5 Major Retirement Mistakes And What To Do About Them

When your pet has an uh-oh, it’s relatively easy to clean up; money mistakes – not so much. Although one in four American workers have less than $1,000 saved according to the 2017 Employee Benefit Research Report, it’s what you do with the money once it’s saved that determines whether or not you’ll enjoy the kind of retirement that you deserve.

All kittens aside, saving money in many ways is the easy part. With the advent of automatic deposits and portfolio rebalancing, you can put the process on auto-pilot and watch the cashola pile up. But what about when you retire and start taking those dollars out? People tend to fall short when they make planning mistakes. We have the top 5 big ones listed here, as well as what you should do instead to prevent major upsets from spoiling your hopes and dreams.

MISTAKE #1: Withdrawing funds too early.

A 2016 survey conducted by the FINRA Investor Education Foundation found that one in ten working Americans has made early withdrawals from their retirement accounts. This can sock it to you in more ways than one.

First, you may be assessed the 10 percent early withdrawal penalty by the IRS if you are under the age of 59 ½. Second, the money you take out hasn’t been taxed yet, so you’ll have to add it to your income total for the year and pay your share of income tax on the amount of the withdrawal. Third, you might have to endure a six-month suspension from contributing to your account again if you’re receiving an employer match, and fourth, you give up the compounding interest on that money.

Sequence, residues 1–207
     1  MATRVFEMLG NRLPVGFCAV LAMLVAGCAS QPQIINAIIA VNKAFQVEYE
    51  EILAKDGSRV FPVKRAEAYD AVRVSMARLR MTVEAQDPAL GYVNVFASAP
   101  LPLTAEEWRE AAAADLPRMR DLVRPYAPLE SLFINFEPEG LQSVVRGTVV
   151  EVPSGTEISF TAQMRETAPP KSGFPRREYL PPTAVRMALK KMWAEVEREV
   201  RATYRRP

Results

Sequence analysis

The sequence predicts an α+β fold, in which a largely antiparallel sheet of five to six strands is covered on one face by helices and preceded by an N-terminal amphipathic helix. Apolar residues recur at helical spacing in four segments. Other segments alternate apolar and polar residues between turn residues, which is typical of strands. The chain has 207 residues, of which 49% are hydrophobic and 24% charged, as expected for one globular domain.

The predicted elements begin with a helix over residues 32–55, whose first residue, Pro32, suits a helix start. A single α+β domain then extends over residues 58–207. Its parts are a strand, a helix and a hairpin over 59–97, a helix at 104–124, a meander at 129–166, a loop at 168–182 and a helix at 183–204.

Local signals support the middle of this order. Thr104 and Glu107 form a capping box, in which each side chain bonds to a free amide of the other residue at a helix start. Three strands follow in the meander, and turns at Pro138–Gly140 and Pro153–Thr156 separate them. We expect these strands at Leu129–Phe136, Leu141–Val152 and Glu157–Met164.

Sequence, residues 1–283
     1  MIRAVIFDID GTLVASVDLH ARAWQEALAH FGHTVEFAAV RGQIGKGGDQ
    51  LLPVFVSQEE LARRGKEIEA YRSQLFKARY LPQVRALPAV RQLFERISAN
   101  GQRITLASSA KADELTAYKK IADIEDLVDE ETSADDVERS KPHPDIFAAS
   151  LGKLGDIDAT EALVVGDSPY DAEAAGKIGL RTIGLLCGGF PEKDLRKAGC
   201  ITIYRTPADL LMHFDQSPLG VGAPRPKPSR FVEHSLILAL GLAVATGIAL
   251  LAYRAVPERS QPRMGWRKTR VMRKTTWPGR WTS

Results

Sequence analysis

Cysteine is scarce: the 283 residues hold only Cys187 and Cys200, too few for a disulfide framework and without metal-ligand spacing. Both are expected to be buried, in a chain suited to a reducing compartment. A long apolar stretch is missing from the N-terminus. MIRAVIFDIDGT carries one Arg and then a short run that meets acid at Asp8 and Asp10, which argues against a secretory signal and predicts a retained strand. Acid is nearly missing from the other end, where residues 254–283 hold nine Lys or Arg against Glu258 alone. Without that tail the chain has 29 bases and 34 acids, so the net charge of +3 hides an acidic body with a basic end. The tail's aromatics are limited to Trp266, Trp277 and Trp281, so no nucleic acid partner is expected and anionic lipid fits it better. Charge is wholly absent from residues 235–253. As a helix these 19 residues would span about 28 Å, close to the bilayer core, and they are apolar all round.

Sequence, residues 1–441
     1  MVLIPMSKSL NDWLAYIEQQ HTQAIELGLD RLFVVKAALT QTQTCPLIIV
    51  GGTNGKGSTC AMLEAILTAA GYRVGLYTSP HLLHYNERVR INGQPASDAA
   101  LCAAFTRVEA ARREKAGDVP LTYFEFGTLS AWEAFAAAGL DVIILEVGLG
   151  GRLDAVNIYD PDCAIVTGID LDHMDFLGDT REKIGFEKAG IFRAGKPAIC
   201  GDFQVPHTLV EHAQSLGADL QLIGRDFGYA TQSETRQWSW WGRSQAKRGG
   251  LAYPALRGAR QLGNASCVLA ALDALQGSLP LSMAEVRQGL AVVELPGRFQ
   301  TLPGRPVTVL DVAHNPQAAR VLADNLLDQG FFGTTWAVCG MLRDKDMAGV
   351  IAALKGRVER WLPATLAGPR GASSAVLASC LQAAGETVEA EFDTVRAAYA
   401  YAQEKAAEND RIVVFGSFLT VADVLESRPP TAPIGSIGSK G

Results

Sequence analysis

For someone earning $75,000 annually who is 15 years away from retirement, withdrawing $20,000 would cause them to lose $71,770 in future retirement benefits, and they would only net $13,000 of that withdrawal after taxes and penalties. A 30-year old who withdraws $20,000 would give up $129,068 over the next 32 years, even if he or she never contributed another dime.

What to do instead: Leave the money alone and consider taking out a loan on a cash value life insurance policy.

MISTAKE #2: Investing too conservatively.

After the market crash of 2008, a lot of investors made the rush to safety. Some people went to cash, other people put their money in bank CDs or bonds. There are inherent problems with putting too much money all of these options.

While it’s always good to have an emergency fund during retirement, you don’t want to have too much lazy money sitting around doing nothing. The rates on bank CDs haven’t been earning enough to keep up with inflation, and because they don’t grow tax-deferred, you may even end up with a net loss, all things considered. As interest rates begin their rise, bonds have also become a losing investment, so much so that experts are calling the current climate a bear market for bonds.

What to do instead: Consider a fixed or indexed annuity. They offer similar terms to bank CDs but with much more attractive rates. To shop around and compare rates, view our extensive database of annuity reviews, or reach out to one of your experts by asking your question here.

MISTAKE #3: Paying too much in fees.